E.J. Potter aka The ‘Michigan Madman’ of Drag Racing
Story by Lee Sheridan
Photo of Rocket Trike: Courtesy of Potter family
Elon Jack Potter was born in Ithaca, Michigan, on April 24th, 1941, one of four children of Howard and Sheila Potter, who owned a small farm and a honeybee business. E. J. Potter, a k a the Michigan Madman, was a legend on the American drag strip, who earned his nickname riding 170 plus miles per hour on a motorcycle he fitted with a Chevy V-8 which he named ‘Widow Maker’, and who later went nearly 200 m.p.h. on a three-wheel bike powered by a jet engine. Over the years, Potter built a series of continuously evolving ‘Widow Maker’ Chevy powered drag bikes. My research validates that there were actually 7 in all.
Potter was a farm boy, who was completely enthralled with motors and driven with a passion of making them go fast. He grew up tinkering with tractor engines, building motorcycles and racing them at both organized and informal drag strips around central Michigan well before he was old enough for a driver’s license. When he was just 16 years old, he had a vision to mount a V-8 car engine sideways on the frame of a chain-driven Harley-Davidson motorcycle. To anyone’s knowledge, this had never been done before. Although many mechanical problems would arise such as extreme vibration, irregular steering and a tendency for the front wheel to become airborne, it was later realized by Potter that his youth and ignorance were the instrumental assets that led to the success of this project. It took three years for Potter to build his two-wheeled vision, but the result of this mechanical insanity created both a motorsports career and a lasting identity as the “Michigan Madman.” Of the seven Chevy V-8 powered motorcycles constructed by Potter beginning in 1960, the first three were named Bloody Mary… the last four were named Widow Maker, in acknowledgement of his marital status change. His first effort, Bloody Mary 1, was driven by a carburetor-fed 283-cu.in. V-8, mounted transversely in the frame. Several attempts to rig a clutch assembly from a Harley-Davidson drum brake were unsuccessful and although he tried to reinforce its strength, it was just not capable of managing the 500+bhp Chevrolet V-8, so Potter worked around this by building a direct chain drive.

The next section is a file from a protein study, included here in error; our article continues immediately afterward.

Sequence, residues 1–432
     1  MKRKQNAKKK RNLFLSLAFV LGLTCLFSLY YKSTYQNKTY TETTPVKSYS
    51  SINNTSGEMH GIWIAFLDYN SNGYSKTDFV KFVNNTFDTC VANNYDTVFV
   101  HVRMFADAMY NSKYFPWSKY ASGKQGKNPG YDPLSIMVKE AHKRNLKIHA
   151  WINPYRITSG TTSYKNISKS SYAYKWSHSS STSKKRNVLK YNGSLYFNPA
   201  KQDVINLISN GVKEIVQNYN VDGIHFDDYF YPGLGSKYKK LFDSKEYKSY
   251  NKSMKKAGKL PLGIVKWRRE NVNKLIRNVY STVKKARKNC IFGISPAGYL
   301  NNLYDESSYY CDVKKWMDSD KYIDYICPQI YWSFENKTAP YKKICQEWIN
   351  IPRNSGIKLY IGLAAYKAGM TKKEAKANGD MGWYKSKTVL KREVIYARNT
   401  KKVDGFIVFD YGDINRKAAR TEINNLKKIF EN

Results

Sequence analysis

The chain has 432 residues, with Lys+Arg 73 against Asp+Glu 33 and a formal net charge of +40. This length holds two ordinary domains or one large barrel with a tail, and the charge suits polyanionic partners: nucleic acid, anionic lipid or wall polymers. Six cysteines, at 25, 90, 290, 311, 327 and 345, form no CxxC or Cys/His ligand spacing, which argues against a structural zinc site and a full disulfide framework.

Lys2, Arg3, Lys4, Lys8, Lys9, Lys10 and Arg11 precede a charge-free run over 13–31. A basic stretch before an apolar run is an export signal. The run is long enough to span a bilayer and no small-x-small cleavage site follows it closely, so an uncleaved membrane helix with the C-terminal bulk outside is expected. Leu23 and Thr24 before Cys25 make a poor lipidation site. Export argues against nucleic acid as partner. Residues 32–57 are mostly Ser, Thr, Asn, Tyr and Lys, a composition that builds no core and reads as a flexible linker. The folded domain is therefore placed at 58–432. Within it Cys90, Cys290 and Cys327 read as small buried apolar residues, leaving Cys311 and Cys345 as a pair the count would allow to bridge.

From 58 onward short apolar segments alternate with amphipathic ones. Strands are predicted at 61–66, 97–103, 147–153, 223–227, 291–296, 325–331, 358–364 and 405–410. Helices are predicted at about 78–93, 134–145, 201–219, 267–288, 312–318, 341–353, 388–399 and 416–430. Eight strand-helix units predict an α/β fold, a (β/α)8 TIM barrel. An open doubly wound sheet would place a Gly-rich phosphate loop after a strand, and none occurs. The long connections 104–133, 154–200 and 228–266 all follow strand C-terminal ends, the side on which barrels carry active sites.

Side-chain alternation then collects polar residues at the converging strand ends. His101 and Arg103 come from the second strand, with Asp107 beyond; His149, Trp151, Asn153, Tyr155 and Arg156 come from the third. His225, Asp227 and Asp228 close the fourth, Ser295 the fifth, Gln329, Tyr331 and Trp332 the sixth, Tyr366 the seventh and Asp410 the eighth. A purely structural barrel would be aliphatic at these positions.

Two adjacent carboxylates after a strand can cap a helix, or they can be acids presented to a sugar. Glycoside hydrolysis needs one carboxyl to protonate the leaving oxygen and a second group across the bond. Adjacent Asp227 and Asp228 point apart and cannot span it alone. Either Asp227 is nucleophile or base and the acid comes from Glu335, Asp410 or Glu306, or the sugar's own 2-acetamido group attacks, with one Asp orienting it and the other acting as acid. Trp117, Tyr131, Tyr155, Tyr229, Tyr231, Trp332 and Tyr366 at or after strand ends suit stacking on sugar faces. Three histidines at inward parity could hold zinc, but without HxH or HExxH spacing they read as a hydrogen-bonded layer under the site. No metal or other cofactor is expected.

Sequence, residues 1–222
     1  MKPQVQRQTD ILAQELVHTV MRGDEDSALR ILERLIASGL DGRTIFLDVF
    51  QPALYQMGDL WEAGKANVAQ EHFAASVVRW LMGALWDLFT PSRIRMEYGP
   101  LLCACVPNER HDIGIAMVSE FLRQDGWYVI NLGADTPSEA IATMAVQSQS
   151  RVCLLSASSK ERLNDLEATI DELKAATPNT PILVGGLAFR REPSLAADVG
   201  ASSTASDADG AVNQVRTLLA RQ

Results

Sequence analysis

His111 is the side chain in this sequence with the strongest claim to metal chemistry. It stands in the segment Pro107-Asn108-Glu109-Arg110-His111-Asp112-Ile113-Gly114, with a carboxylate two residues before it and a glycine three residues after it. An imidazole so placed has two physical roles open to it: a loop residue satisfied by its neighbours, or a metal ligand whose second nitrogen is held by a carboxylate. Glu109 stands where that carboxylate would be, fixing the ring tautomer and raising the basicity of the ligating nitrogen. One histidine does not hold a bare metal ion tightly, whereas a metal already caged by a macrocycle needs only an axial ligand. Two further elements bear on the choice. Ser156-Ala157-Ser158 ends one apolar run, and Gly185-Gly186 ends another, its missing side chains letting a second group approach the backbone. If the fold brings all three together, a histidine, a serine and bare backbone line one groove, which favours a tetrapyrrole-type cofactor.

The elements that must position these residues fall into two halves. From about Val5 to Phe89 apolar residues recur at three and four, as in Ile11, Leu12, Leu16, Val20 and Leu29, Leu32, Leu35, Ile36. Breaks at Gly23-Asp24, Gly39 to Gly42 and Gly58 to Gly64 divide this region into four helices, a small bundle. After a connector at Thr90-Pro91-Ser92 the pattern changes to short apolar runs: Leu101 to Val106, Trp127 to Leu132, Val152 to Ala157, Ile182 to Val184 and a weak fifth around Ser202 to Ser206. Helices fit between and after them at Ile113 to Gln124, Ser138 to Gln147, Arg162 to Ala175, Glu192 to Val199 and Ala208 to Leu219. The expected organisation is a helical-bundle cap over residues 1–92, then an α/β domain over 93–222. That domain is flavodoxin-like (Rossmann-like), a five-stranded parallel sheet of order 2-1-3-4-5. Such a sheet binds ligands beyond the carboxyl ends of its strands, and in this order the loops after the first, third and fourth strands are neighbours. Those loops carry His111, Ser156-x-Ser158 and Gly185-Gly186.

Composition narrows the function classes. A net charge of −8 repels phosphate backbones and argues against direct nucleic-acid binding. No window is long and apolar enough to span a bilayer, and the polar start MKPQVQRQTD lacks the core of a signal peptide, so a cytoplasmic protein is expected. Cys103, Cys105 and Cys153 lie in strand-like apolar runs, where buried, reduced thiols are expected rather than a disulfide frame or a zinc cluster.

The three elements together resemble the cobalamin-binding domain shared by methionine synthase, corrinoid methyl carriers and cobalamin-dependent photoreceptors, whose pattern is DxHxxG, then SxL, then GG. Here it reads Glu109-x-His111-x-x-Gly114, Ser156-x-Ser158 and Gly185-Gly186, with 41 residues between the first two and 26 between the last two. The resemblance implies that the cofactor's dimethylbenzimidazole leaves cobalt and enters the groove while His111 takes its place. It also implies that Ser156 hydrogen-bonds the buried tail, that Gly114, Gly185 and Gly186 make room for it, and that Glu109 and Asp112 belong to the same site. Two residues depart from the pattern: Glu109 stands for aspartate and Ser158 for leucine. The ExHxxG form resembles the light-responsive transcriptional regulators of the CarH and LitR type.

There was nothing Potter wouldn’t or couldn’t do to go faster. His need for speed was so severe that his decision to entirely remove the bikes clutch was based upon the fact that he was losing too much power due to it slipping. His maiden voyage on the V-8 motorcycle took place at a local strip in 1960, reaching 130 m.p.h. “Ignorance is a powerful tool if applied at the right time, even, usually, surpassing knowledge,” he wrote with cynical self-mockery in a memoir he published in 1999 called “Michigan Madman,”
“Local drag-racing promoters began paying him a dollar for every mile above 100 M.P.H. he could take his V-8 bike,” said Clyde Hensley, an old friend and collector of some of Potter’s famous motorbikes. “Soon he was earning considerably more.Top of Form On a given night, he would make three passes at $150 a run, He only did three because that’s how many he could make on a set of tires before they blew out.”